Horses Doing Math: On the Quality of Scientific Studies

Clever Hans

Many people know who Clever Hans is. If you do not, he was the horse that could do math! Or seem to anyways. Scientists now say Clever Hans was reading body language. Any horse lover would know that most horses can “read us” whether they are just looking at us or if we are riding them. It is why horses are used for equine assisted psychotherapy. Their uncanny ability to pick up on cues from us – without us saying a word – seems almost like magic. Do you have any stories of a time when your horse “read” you or someone else? ~ HfH

From: The Nature Conservancy Blog
By: Jon Fisher

How difficult is it to overcome biases in scientific studies?

Probably more difficult than you think.

Clever Hans

Clever Hans performs – from Wikipedia

Even an honest, well-meaning scientist can come up with a study design that could strongly influence the results. My favorite example of how expectations can bias results is the story of Clever Hans the horse.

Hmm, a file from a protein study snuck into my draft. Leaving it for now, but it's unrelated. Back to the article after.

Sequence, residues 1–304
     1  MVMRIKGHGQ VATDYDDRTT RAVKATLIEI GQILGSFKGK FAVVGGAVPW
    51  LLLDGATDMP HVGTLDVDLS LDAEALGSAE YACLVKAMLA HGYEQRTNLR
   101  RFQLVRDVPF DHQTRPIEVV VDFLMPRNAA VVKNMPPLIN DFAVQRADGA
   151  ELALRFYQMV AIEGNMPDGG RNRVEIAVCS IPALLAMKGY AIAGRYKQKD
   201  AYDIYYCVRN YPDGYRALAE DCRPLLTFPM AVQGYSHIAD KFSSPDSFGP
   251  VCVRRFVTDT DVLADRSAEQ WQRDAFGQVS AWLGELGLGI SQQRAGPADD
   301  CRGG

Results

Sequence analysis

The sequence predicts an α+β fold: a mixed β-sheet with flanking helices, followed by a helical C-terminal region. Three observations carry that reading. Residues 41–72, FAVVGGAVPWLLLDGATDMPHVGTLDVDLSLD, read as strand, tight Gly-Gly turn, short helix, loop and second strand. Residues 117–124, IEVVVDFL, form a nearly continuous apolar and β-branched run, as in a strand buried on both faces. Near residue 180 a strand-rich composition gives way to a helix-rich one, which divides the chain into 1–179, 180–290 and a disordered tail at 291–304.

Clever Hans is not a science story, but it could well serve as a warning as we try to be unbiased on controversial issues from climate change to GMO’s.

Clever Hans’ owner gave demonstrations where he would ask the horse mathematical questions, ranging from simple arithmetic to rather complicated calculations: “If the eighth day of the month comes on a Tuesday, what is the date of the following Friday?”

Hans answered them by tapping his hoof the correct number of times.

Given that the latter question would require understanding words, grammar and even abstract concepts (like a “month”), in addition to math, people were understandably skeptical.

Psychologist Oskar Pfungst found that Hans’ real talent was in reading the unconscious cues from the person asking the question. If the questioner didn’t know the answer (a double-blind experiment), Hans didn’t either.

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AUTHOR: Amber Barnes
  • mustang man

    How come Hans always comes up but nobody ever mentions the horses that was never dis-proven to have higher then what is thought to be normal for a equine? Jim Key, right here in the USA.

    February 15, 2015
  • Daniel Cordero

    Incredible story. Here is another one:

    The curious thing is that he seemed to find pleasure doing this; it wasn’t a question of cues. Makes you think about how intelligent these animals are, contrary to what the general public thinks.

    February 15, 2015